Š      Attorney General Jeff Sessions testified before the Senate Judiciary Committee for five hours, but refused to answer an number of questions about his conversations with Trump.

Thursday, Oct. 19

Š      A federal judge refused to clear former Sheriff Joe Arpaio’s criminal record after he was pardoned by Trump in August. He had been found guilty of criminal contempt of a federal court order after a five-day bench trial earlier this year. U.S. District Judge Susan R. Bolton said the pardon freed Arpaio from possible punishment but did not change the underlying facts of the case.

Friday, Oct. 20

Š      The White House signaled to Senate Republican negotiators Friday that it wants a bipartisan health-care bill, such as that crafted by Alexander and Murray, to include retroactive relief for individuals and employers subject to the Affordable Care Act’s insurance mandate, a request that is sure to alienate Democrats, and possibly tank the legislation.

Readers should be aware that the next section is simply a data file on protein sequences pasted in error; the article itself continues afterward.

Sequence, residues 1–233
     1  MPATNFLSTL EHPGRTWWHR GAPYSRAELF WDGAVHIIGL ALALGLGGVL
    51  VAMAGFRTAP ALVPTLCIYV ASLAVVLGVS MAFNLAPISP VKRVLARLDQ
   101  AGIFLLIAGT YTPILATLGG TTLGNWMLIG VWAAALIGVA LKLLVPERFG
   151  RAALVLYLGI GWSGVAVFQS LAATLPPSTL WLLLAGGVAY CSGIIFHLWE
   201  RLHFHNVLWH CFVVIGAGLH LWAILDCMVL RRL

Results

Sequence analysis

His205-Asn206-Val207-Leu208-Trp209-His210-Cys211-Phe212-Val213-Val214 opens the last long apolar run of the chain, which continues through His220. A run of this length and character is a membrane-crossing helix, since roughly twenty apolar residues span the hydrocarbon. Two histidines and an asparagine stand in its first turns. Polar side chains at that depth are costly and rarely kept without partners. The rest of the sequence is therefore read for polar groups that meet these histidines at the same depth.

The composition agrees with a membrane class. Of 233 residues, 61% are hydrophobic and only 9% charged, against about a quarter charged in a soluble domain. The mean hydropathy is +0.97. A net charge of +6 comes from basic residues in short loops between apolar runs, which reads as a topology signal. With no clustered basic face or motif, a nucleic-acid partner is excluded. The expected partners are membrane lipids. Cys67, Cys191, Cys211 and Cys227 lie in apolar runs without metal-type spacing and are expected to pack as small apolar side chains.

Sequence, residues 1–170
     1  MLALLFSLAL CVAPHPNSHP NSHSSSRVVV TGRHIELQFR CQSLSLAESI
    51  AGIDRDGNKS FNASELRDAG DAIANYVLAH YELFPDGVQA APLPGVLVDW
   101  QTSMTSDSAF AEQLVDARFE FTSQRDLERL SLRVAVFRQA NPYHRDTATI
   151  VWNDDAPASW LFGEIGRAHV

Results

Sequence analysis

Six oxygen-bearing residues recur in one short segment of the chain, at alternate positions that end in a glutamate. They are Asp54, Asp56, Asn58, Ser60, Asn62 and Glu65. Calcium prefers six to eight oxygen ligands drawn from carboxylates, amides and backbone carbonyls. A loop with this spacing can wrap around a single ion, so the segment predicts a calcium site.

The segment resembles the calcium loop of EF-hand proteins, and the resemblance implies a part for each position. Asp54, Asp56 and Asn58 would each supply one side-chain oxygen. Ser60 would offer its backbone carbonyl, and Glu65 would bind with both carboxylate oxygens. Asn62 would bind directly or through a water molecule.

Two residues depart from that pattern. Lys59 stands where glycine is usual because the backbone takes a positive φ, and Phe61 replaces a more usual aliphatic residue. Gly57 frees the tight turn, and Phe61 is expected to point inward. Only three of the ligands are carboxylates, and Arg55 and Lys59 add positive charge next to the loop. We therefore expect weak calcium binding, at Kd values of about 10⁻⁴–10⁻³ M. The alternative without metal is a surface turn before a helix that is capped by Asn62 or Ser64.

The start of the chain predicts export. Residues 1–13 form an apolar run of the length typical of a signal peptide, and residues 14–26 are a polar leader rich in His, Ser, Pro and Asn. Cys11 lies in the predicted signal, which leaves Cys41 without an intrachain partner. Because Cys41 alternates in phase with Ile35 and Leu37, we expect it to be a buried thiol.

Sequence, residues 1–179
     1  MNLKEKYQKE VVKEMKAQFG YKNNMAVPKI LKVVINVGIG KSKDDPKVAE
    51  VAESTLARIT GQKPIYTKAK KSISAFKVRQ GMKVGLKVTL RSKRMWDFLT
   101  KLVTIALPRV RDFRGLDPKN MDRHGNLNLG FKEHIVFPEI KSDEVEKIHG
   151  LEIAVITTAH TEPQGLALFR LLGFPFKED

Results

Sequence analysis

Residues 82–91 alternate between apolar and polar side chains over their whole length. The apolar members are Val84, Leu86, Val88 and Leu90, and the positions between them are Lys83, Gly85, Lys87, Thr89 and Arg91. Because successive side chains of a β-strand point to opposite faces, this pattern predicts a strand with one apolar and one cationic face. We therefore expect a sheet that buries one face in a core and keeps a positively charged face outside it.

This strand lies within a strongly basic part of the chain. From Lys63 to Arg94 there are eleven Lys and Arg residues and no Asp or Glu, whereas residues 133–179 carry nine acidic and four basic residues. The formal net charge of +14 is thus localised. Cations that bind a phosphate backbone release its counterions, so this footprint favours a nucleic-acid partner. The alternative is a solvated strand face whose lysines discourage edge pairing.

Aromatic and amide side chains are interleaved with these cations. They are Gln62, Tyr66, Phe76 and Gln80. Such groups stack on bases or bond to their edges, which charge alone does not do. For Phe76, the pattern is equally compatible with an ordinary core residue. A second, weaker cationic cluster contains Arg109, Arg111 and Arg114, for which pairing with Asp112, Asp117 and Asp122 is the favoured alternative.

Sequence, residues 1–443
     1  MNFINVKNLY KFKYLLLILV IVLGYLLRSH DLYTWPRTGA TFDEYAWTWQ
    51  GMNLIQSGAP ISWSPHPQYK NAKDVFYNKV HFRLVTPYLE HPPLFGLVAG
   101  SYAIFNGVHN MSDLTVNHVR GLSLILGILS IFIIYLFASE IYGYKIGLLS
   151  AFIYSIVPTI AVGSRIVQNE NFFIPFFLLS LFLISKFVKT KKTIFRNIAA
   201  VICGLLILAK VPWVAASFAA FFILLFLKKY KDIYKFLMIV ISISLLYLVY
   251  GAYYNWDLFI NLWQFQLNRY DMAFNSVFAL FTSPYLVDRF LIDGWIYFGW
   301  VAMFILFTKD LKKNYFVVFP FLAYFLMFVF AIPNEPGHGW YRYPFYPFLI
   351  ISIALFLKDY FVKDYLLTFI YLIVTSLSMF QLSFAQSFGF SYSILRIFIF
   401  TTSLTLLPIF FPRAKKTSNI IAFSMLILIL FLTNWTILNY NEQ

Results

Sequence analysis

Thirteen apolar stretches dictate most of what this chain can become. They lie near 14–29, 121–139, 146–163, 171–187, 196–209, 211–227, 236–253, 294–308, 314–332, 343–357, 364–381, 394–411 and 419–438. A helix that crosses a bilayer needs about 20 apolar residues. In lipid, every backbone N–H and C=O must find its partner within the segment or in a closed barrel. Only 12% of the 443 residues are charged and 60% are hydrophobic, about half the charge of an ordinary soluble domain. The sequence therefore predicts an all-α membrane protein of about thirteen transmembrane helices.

Š      A D.C. appeals court panel upheld undocumented teen’s right to abortion but declined to order the federal government to immediately allow the procedure, instead giving the Department of Health and Human Services 11 days, until Oct. 31, to find a sponsor to take custody of the girl. If no sponsor is found, the girl must be allowed to have the abortion, the appeals court said.

Š      The Education Department rescinded 72 policy documents that outline the rights of students with disabilities as part of the Trump administration’s effort to eliminate regulations it deems superfluous.

Saturday, Oct. 21

Š      The five living former presidents appeared together for the first time since 2013 at a concert to raise money for victims of hurricanes in Texas, Florida, Louisiana, Puerto Rico and the U.S. Virgin Islands.

Sunday, Oct. 22

Š      The Environmental Protection Agency confirmed it has canceled the speaking appearance of three agency scientists who were scheduled to discuss climate change at a conference on Monday in Rhode Island, according to the agency and several people involved.